\begin{aligned}& \bigl\vert T_{1}(x,y) (t_{2})-T_{1}(x,y) (t_{1}) \bigr\vert \\& \quad = \biggl\vert \int _{0}^{1}G_{1}(t_{2},s)f \bigl(s,x(s),y(s)\bigr)\,\mathrm{d}s- \int _{0}^{1}G_{1}(t_{1},s)f \bigl(s,x(s),y(s)\bigr)\,\mathrm{d}s \biggr\vert \\& \quad \leq M \int _{0}^{1} \bigl\vert G_{1}(t_{2},s)-G_{1}(t_{1},s) \bigr\vert \, \mathrm{d}s\\& \quad = M \biggl[ \int _{0}^{t_{1}} \bigl\vert G_{1}(t_{2},s)-G_{1}(t_{1},s) \bigr\vert \, \mathrm{d}s+ \int _{t_{1}}^{t_{2}} \bigl\vert G_{1}(t_{2},s)-G_{1}(t_{1},s) \bigr\vert \,\mathrm{d}s \\& \quad \quad {}+ \int _{t_{2}}^{1} \bigl\vert G_{1}(t_{2},s)-G_{1}(t_{1},s) \bigr\vert \,\mathrm{d}s\biggr]\\& \quad =\frac{M}{\Gamma (\alpha )\Gamma (\beta )} \biggl\{ \int _{0}^{t_{1}} \biggl\vert \biggl[ \int _{t_{2}}^{1}(\tau -t_{2})^{\alpha -1}( \tau -s)^{\beta -1} \,\mathrm{d}\tau +(\alpha -1)t_{2} \int _{s}^{1}\tau ^{\alpha -2}( \tau -s)^{\beta -1}\,\mathrm{d}\tau \biggr] \\& \quad \quad{} -\biggl[ \int _{t_{1}}^{1}(\tau -t_{1})^{\alpha -1}( \tau -s)^{ \beta -1}\,\mathrm{d}\tau +(\alpha -1)t_{1} \int _{s}^{1}\tau ^{ \alpha -2}(\tau -s)^{\beta -1}\,\mathrm{d}\tau \biggr] \biggr\vert \,\mathrm{d}s \\& \quad \quad{} + \int _{t_{1}}^{t_{2}} \biggl\vert \biggl[ \int _{t_{2}}^{1}(\tau -t_{2})^{ \alpha -1}( \tau -s)^{\beta -1}\,\mathrm{d}\tau +(\alpha -1)t_{2} \int _{s}^{1}\tau ^{\alpha -2}(\tau -s)^{\beta -1}\,\mathrm{d} \tau \biggr] \\& \quad \quad{} -\biggl[ \int _{s}^{1}(\tau -t_{1})^{\alpha -1}( \tau -s)^{\beta -1} \,\mathrm{d}\tau +(\alpha -1)t_{1} \int _{s}^{1}\tau ^{\alpha -2}( \tau -s)^{\beta -1}\,\mathrm{d}\tau \biggr] \biggr\vert \,\mathrm{d}s \\& \quad \quad{} + \int _{t_{2}}^{1} \biggl\vert \biggl[ \int _{s}^{1}(\tau -t_{2})^{ \alpha -1}( \tau -s)^{\beta -1}\,\mathrm{d}\tau +(\alpha -1)t_{2} \int _{s}^{1}\tau ^{\alpha -2}(\tau -s)^{\beta -1}\,\mathrm{d} \tau \biggr] \\& \quad \quad{} -\biggl[ \int _{s}^{1}(\tau -t_{1})^{\alpha -1}( \tau -s)^{\beta -1} \,\mathrm{d}\tau +(\alpha -1)t_{1} \int _{s}^{1}\tau ^{\alpha -2}( \tau -s)^{\beta -1}\,\mathrm{d}\tau \biggr] \biggr\vert \,\mathrm{d}s\biggr\} \\& \quad =\frac{M}{\Gamma (\alpha )\Gamma (\beta )} \biggl\{ \int _{0}^{1}( \alpha -1) (t_{2}-t_{1}) \int _{s}^{1}\tau ^{\alpha -2}(\tau -s)^{ \beta -1}\,\mathrm{d}\tau \,\mathrm{d}s \\& \quad \quad{} + \int _{0}^{t_{1}} \biggl\vert \int _{t_{2}}^{1}(\tau -t_{2})^{ \alpha -1}( \tau -s)^{\beta -1}\,\mathrm{d}\tau - \int _{t_{1}}^{1}( \tau -t_{1})^{\alpha -1}( \tau -s)^{\beta -1}\,\mathrm{d}\tau \biggr\vert \, \mathrm{d}s \\& \quad \quad{} + \int _{t_{1}}^{t_{2}} \biggl\vert \int _{t_{2}}^{1}(\tau -t_{2})^{ \alpha -1}( \tau -s)^{\beta -1}\,\mathrm{d}\tau - \int _{s}^{1}( \tau -t_{1})^{\alpha -1}( \tau -s)^{\beta -1}\,\mathrm{d}\tau \biggr\vert \, \mathrm{d}s \\& \quad \quad{} + \int _{t_{2}}^{1} \biggl\vert \int _{s}^{1}\bigl[(\tau -t_{2})^{ \alpha -1}-( \tau -t_{1})^{\alpha -1}\bigr](\tau -s)^{\beta -1}\, \mathrm{d} \tau \biggr\vert \,\mathrm{d}s\biggr\} \\& \quad \leq \frac{M}{\Gamma (\alpha )\Gamma (\beta )} \biggl\{ (\alpha -1) (t_{2}-t_{1}) \int _{0}^{1} \,\mathrm{d}s \int _{s}^{1}\tau ^{\alpha -2}(\tau -s)^{ \beta -1}\,\mathrm{d}\tau \\& \quad \quad{} + \int _{0}^{t_{1}}\biggl[ \int _{t{1}}^{t_{2}}(\tau -t_{1})^{ \alpha -1}( \tau -s)^{\beta -1}\,\mathrm{d}\tau \\& \quad \quad {}+ \int _{t_{2}}^{1}\bigl(( \tau -t_{1})^{\alpha -1}-( \tau -t_{2})^{\alpha -1}\bigr) (\tau -s)^{\beta -1} \, \mathrm{d}\tau \biggr] \,\mathrm{d}s \\& \quad \quad{} + \int _{t_{1}}^{t_{2}}\biggl[ \int _{s}^{1}(\tau -t_{1})^{ \alpha -1}( \tau -s)^{\beta -1}\,\mathrm{d}\tau - \int _{t_{2}}^{1}( \tau -t_{2})^{\alpha -1}( \tau -s)^{\beta -1}\,\mathrm{d}\tau \biggr]\, \mathrm{d}s \\& \quad \quad{} + \int _{t_{2}}^{1}\,\mathrm{d}s \int _{s}^{1}\bigl[( \alpha -1) (\tau -\xi _{1})^{\alpha -2}(t_{2}-t_{1})\bigr]( \tau -s)^{\beta -1} \,\mathrm{d}\tau \biggr\} \\& \quad \quad \bigl(\mbox{here }\xi _{1}\in (t_{1},t_{2}) \bigr)\\& \quad \leq \frac{M}{\Gamma (\alpha )\Gamma (\beta )} \biggl\{ (\alpha -1) (t_{2}-t_{1}) \int _{0}^{1} \,\mathrm{d}\tau \int _{0}^{\tau }\tau ^{ \alpha -2}(\tau -s)^{\beta -1}\,\mathrm{d}s \\& \quad \quad{} + \int _{0}^{t_{1}}\,\mathrm{d}s \int _{t{1}}^{t_{2}}( \tau -s)^{\beta -1}\, \mathrm{d}\tau + \int _{0}^{t_{1}}\, \mathrm{d}s \int _{t_{2}}^{1}(\alpha -1) (t_{2}-t_{1}) (\tau - \xi _{2})^{\alpha -2}(\tau -s)^{\beta -1}\, \mathrm{d}\tau \\& \quad \quad{} + \int _{t_{1}}^{t_{2}} \,\mathrm{d}s \int _{s}^{1}( \tau -t_{1})^{\alpha -1}( \tau -s)^{\beta -1}\,\mathrm{d}\tau + \int _{t_{2}}^{1}(\alpha -1) (t_{2}-t_{1}) \,\mathrm{d}s \int _{s}^{1}(\tau -s)^{\alpha +\beta -3}\, \mathrm{d}\tau \biggr\} \\& \quad \quad \bigl(\mbox{here }\xi _{2}\in (t_{1},t_{2}) \bigr)\\& \quad \leq \frac{M}{\Gamma (\alpha )\Gamma (\beta )} \biggl\{ (\alpha -1) (t_{2}-t_{1}) \int _{0}^{1} \tau ^{\alpha -2} \frac{\tau ^{\beta}}{\beta}\, \mathrm{d}\tau \\& \quad \quad{} + \int _{0}^{t_{1}}(t_{1}-s)^{\beta -1}(t_{2}-t_{1}) \, \mathrm{d}s +(\alpha -1) (t_{2}-t_{1}) \int _{0}^{t_{1}}\, \mathrm{d}s \int _{t_{2}}^{1}(\tau -\xi _{2})^{\alpha +\beta -3} \,\mathrm{d}\tau \\& \quad \quad{} + \int _{t_{1}}^{t_{2}} \,\mathrm{d}s \int _{s}^{1}( \tau -s)^{\beta -1}\, \mathrm{d}\tau +(\alpha -1) (t_{2}-t_{1}) \int _{t_{2}}^{1} \frac{(1-s)^{\alpha +\beta -2}}{\alpha +\beta -2}\, \mathrm{d}s\biggr\} \\& \quad \leq \frac{M}{\Gamma (\alpha )\Gamma (\beta )} \biggl\{ (\alpha -1) (t_{2}-t_{1}) \frac{1}{\beta (\alpha +\beta -1)} +(t_{2}-t_{1}) \frac{1}{\beta}+( \alpha -1) (t_{2}-t_{1}) \frac{1}{\alpha +\beta -2} \\& \quad \quad{} + \int _{t_{1}}^{t_{2}}\frac{(1-s)^{\beta}}{\beta} \, \mathrm{d}s+(t_{2}-t_{1})\frac{1}{\alpha +\beta -2}\biggr\} \\& \quad \leq \frac{M}{\Gamma (\alpha )\Gamma (\beta )} (t_{2}-t_{1})\biggl\{ \frac{1}{\beta}+\frac{1}{\beta}+ \frac{1}{\alpha +\beta -2}+ \frac{1}{\beta}+\frac{1}{\alpha +\beta -2}\biggr\} \\& \quad = K_{3}(t_{2}-t_{1}),\quad \mbox{where } K_{3}=\frac{M}{\Gamma (\alpha )\Gamma (\beta )}\biggl(\frac{3}{\beta}+ \frac{2}{\alpha +\beta -2}\biggr). \end{aligned}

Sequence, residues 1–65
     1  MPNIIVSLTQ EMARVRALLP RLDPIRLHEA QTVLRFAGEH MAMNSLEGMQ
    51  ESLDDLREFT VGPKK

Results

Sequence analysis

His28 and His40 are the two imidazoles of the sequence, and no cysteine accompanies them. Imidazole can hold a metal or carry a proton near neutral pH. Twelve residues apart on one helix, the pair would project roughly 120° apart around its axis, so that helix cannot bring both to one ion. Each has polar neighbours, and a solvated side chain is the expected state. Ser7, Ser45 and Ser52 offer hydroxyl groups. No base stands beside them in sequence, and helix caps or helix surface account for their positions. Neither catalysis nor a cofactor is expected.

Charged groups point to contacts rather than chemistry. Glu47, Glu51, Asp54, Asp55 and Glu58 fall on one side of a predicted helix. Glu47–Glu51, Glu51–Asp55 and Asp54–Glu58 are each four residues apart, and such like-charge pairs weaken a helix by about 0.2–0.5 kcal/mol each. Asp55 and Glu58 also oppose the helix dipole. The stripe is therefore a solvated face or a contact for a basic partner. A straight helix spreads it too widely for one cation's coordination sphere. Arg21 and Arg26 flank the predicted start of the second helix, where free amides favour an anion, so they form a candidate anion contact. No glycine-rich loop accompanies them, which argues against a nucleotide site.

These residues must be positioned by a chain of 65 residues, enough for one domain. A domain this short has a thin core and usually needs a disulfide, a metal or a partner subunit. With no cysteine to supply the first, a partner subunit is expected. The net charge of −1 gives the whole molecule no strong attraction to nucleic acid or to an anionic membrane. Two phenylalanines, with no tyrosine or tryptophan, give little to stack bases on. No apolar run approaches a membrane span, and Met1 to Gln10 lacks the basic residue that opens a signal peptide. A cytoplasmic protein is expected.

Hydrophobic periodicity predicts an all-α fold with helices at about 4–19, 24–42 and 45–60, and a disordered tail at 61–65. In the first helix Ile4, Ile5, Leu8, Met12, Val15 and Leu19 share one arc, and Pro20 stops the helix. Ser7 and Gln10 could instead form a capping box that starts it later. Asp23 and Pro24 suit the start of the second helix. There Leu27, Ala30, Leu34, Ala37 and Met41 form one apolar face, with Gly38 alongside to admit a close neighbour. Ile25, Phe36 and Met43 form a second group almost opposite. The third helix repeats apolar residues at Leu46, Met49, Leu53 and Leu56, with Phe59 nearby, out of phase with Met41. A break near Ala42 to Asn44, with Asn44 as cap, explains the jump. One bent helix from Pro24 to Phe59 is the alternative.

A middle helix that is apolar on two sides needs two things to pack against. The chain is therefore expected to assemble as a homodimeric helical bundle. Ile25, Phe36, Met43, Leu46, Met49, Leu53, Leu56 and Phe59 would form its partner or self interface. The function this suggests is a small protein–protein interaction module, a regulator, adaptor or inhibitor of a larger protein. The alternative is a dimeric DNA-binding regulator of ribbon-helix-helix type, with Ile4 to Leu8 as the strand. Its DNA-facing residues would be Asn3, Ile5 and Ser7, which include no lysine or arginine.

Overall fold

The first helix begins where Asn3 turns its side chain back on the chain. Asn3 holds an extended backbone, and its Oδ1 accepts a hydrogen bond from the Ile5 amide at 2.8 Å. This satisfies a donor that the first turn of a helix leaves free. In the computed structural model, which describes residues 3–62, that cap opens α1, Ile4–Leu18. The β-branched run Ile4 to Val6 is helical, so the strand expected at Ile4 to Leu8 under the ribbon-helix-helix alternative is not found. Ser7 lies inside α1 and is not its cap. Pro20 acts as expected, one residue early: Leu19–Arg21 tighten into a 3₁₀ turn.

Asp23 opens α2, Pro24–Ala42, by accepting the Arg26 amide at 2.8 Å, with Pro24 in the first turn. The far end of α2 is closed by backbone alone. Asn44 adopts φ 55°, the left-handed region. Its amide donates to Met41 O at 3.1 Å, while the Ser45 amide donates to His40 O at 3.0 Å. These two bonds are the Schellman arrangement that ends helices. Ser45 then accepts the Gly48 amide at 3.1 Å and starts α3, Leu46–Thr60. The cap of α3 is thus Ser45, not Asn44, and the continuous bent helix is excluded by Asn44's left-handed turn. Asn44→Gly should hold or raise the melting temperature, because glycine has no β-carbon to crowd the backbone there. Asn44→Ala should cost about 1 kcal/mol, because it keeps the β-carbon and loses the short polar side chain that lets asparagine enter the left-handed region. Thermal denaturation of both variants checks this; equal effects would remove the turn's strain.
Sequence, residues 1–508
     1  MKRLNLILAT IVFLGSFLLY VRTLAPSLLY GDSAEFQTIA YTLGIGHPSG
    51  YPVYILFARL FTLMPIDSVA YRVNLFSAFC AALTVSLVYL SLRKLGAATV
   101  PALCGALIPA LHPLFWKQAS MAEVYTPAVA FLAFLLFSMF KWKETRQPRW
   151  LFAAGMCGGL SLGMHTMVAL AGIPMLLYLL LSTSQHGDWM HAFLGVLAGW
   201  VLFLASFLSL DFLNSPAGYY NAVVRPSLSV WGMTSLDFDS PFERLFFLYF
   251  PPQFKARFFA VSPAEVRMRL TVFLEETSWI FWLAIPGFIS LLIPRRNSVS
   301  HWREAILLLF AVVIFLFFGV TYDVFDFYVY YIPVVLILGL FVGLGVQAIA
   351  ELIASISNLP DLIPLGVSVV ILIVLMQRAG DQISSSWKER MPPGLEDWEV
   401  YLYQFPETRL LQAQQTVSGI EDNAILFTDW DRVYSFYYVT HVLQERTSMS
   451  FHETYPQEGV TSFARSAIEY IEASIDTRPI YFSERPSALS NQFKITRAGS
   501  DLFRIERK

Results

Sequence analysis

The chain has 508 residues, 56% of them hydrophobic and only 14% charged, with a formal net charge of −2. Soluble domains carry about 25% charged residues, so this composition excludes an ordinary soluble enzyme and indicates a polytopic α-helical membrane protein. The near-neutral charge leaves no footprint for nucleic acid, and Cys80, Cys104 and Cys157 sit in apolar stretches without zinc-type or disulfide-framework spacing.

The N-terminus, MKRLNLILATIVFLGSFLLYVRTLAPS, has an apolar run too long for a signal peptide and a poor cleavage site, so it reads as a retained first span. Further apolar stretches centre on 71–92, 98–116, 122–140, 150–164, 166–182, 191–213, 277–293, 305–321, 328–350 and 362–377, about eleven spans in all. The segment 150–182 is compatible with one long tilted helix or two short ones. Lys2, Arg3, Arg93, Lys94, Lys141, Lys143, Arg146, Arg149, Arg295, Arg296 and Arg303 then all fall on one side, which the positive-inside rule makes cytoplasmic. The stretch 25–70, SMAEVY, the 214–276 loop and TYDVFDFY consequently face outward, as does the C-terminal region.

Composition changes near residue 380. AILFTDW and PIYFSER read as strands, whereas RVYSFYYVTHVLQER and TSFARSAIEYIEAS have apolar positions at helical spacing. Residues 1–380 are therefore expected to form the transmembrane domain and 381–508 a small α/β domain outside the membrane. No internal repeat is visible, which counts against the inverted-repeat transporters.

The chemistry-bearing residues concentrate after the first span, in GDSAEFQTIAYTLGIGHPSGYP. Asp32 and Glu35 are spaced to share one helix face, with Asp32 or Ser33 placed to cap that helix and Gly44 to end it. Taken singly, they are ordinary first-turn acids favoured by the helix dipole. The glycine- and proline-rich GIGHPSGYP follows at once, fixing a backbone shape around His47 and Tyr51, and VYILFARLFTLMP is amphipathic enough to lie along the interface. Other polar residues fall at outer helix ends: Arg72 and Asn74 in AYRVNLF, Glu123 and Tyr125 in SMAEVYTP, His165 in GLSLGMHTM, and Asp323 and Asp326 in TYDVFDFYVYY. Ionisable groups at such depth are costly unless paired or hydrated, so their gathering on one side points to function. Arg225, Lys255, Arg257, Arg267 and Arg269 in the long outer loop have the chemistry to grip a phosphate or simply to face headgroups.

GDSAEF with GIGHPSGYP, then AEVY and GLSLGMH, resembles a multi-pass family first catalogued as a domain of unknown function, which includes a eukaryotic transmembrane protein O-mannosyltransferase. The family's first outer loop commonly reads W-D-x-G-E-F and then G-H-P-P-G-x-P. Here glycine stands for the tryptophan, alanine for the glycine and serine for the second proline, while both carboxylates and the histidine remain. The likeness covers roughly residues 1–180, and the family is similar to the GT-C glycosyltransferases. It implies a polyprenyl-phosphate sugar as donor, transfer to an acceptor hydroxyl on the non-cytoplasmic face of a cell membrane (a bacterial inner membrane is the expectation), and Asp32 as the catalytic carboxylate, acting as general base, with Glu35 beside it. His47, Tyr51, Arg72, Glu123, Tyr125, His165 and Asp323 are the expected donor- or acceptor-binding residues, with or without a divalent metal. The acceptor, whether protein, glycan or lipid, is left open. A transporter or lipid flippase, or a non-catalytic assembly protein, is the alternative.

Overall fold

By (H1), $$K_{3}$$ is a positive constant.